Documents, Documents, Documents: Litigating Liens and Rule 10608

Documents, Documents, Documents: Litigating Liens and Rule 10608
by Scott Rountree
Don't Have Enough Work?
Rule 10608 requires plenty of that. In a nutshell, this statute requires that lien claimants who request it be copied on all medical reports (not simply reports obtained on behalf of the defense).

Rule 10608(a) requires that medical reports be served on lien claimants within six days after receipt of a demand. Thereafter all subsequent reports must be served within six days after receipt. Additionally, Rule 10608 (b) states that DORs and objections to DORs must be accompanied with all medical reports not previously served on lien claimants requesting service.

In your "spare time," take a look at the endless number of bills and liens that cover your desk. How many of them have boilerplate language demanding all medical reports pursuant to Rule 10608? Most? All? The realities of a claims department make compliance with this regulation daunting, if not impossible.

California Supreme Court Issues Favorable Ruling for Bradford & Barthel's Kent Ball, Esq.

California Supreme Court Issues Favorable Ruling for Bradford & Barthel's Kent Ball, Esq.
by Don Barthel, Esq.
Exciting news! Kent Ball in Bradford & Barthel's Walnut Creek office just had a favorable ruling from the California Supreme Court in Larry Gossett vs. WCAB. The decision has been written up in several industry publications including the Insurance Journal, Forbes.com, WorkersCompensation.com, and WorkCompCentral.com.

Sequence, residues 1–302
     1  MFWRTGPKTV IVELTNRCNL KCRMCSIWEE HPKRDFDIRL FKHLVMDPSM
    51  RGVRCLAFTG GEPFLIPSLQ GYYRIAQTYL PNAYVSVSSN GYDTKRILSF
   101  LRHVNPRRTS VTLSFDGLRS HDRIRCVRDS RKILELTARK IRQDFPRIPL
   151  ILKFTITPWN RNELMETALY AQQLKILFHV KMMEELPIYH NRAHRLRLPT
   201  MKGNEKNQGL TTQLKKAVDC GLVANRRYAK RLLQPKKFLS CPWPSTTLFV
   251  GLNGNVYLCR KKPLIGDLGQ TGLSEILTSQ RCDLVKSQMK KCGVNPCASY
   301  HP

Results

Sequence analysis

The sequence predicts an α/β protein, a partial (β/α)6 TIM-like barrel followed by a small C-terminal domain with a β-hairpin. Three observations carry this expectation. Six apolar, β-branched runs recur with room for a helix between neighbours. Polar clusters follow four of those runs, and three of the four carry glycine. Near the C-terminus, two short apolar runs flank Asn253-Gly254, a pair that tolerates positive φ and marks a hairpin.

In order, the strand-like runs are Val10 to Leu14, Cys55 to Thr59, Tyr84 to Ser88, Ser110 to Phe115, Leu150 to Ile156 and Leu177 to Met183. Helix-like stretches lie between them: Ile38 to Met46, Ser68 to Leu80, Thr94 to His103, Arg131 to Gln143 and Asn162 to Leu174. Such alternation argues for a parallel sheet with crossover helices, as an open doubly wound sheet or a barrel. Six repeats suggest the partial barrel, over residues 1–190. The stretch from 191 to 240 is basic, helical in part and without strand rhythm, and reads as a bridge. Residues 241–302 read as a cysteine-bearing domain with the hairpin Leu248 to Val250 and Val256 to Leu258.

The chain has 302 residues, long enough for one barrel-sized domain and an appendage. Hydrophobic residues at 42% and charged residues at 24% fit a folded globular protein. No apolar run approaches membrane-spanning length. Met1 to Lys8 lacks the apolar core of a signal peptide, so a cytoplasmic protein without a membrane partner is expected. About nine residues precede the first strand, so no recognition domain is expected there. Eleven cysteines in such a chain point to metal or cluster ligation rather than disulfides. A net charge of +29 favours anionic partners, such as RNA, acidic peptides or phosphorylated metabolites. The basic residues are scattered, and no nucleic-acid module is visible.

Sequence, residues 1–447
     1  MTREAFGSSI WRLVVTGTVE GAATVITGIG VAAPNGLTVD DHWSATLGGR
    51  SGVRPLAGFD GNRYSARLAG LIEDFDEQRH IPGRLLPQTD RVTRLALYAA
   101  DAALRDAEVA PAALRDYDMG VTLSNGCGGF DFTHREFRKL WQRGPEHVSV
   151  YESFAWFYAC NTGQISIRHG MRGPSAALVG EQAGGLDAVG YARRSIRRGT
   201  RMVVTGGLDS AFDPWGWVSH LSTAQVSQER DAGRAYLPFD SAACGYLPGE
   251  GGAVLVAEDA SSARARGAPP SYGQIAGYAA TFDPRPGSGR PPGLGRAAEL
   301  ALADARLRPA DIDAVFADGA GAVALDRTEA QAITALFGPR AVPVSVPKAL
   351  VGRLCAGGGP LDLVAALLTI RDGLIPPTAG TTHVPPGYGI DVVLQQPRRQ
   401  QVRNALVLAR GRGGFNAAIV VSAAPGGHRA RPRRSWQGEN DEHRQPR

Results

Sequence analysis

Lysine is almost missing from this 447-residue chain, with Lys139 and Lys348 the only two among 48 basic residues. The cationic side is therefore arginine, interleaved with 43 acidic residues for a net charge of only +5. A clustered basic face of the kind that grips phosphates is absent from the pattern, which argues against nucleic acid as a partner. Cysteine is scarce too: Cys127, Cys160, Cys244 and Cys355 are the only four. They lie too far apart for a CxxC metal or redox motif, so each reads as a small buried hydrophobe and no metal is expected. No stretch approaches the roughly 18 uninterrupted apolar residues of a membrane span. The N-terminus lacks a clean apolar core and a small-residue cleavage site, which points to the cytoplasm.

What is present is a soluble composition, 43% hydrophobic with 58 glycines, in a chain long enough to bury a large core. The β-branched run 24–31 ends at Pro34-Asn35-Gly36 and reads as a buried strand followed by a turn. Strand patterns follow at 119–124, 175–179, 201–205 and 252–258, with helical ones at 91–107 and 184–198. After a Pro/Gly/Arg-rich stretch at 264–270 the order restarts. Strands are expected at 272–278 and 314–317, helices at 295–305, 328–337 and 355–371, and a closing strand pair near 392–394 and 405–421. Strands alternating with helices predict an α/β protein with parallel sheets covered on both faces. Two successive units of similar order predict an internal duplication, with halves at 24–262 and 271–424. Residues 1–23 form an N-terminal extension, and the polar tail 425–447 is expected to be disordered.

In summary, Kent obtained apportionment to an asymptomatic condition even though the physician who provided the apportionment opinion, in a supplemental report, that his determination was "too speculative." The trial judge agreed. The WCAB, on reconsideration, reversed the trial judge's award thereby reducing a 76% award (worth about $175,000 with the life pension) to 65% ($81,000). The Board, in its Decision After Reconsideration, noted the "doctor's reference to speculation is surplus language and does not undermine his opinion on apportionment..."

In short, despite the doctor's express reservations, the WCAB agreed with Kent Ball that the doctor's initial apportionment determination was legal and valid "substantial evidence." Applicant's Petition for Writ of Review with the Court of Appeal was denied, as was his Petition for Review with the Supreme Court.

Yes, you can even get apportionment with a waffling doctor!

Congratulations, Kent!

Don Barthel, Esq. is a founding partner of Bradford & Barthel, LLP and a founder of B&B Rating Services.